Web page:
I watched two African-American lawyers on CNN today erupt in over-the-top outrage that has become the norm in the “finger-wagging Olympics” that Abdul-Jabbar decries in the rest of his article. One of the lawyers called Sterling’s remarks defamatory—“defamatory?” Sterling didn’t say a word that was negative about blacks; he just said he didn’t want his girl friend taking photos with them. His comments constitute smoking gun proof of racial bias, sure, but they aren’t “defamatory.” The other lawyer called them “the most vile, disgusting...” on and on and on, comments that he had ever heard. Really? I doubt that. You know, once you award the prize to Sterling’s racist comments, you have no more superlatives left for really horrible racist remarks. The two sportswriters, Christine Brennan and Bill Rhoden, who preceded my commentary on NPR today, did the same thing. It was a contest over who could express the most outrage.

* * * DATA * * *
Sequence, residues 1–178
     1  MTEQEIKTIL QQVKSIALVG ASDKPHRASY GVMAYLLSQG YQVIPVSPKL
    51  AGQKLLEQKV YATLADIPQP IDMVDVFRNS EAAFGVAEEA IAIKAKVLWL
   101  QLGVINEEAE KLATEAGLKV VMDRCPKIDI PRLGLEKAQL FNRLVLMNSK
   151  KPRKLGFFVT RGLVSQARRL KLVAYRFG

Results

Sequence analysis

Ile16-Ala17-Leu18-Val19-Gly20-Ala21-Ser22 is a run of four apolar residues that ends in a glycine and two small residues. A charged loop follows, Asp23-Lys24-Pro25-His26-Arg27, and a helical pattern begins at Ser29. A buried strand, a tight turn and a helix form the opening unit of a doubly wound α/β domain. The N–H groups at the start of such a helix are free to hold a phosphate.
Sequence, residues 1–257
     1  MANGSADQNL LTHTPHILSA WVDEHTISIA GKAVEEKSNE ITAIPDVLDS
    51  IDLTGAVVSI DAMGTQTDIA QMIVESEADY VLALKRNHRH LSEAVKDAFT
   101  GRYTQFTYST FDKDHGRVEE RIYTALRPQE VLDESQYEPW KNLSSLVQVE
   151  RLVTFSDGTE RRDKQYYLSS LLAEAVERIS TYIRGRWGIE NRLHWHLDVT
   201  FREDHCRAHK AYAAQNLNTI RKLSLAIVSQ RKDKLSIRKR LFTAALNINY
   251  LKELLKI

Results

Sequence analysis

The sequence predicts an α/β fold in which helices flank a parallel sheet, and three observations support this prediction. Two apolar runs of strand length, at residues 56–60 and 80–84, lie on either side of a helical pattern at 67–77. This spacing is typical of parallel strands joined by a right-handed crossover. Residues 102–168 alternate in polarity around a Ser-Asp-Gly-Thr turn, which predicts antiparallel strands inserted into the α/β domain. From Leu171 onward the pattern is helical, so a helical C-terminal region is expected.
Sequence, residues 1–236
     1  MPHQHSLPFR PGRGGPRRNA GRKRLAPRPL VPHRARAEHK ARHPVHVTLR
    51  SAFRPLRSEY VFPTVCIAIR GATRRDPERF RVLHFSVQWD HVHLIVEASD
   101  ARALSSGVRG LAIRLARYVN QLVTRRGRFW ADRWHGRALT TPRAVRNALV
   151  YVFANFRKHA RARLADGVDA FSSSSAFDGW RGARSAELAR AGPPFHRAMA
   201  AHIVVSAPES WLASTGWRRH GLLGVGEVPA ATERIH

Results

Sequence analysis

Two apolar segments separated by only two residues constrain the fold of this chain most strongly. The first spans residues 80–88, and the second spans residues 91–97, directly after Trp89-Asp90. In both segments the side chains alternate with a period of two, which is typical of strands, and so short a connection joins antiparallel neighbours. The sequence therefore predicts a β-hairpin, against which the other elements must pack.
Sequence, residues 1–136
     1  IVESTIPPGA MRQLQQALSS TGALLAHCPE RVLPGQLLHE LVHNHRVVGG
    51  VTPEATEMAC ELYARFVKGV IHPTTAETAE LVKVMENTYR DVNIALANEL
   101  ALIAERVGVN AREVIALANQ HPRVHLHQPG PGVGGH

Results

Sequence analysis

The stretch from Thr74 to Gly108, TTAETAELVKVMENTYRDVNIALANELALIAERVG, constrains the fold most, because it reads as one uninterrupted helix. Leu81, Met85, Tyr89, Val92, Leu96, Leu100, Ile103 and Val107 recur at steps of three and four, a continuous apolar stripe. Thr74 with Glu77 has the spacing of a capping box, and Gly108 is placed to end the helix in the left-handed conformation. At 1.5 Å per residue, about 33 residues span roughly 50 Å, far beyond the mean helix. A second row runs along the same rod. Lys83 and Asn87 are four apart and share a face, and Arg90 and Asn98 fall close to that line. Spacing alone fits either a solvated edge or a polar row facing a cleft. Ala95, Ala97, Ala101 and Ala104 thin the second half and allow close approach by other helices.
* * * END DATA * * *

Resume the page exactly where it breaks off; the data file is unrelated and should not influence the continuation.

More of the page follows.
It is a small surprise, then, in this hyper-charged atmosphere, that the conduct of V. Stiviano is getting an ethics pass, as if betrayal doesn’t matter as long as the betrayed party is despicable, and what she did was justified because she exposed a racist to the world. It’s not justified. The ends don’t justify the means, when the means are betrayal and mean-spirited vengeance, and when the methods used threaten to become a social norm, turning American homes and bedrooms into Stalinesque trap where no secret is safe. We’ve seen this practice before and I’ve condemned it before: the Harvard Law student turned into a campus pariah by a jealous rival circulating a private e-mail to the people most likely to be offended by it; Alec Baldwin’s daughter releasing private communications with her intemperate father to harm his reputation; Mel Gibson’s girlfriend doing the same; e-mail jokes being intercepted and sent to political enemies as a tool of personal destruction; clumsy suitors having their fumbles turned into national ridicule by the objects of their affection. Continue reading